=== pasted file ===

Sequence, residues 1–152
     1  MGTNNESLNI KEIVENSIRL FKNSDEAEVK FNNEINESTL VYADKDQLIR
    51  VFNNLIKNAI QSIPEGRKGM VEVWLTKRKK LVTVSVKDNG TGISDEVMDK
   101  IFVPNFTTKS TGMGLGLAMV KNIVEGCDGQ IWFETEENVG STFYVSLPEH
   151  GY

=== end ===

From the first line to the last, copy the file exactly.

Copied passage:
Sequence, residues 1–152
     1  MGTNNESLNI KEIVENSIRL FKNSDEAEVK FNNEINESTL VYADKDQLIR
    51  VFNNLIKNAI QSIPEGRKGM VEVWLTKRKK LVTVSVKDNG TGISDEVMDK
   101  IFVPNFTTKS TGMGLGLAMV KNIVEGCDGQ IWFETEENVG STFYVSLPEH
   151  GY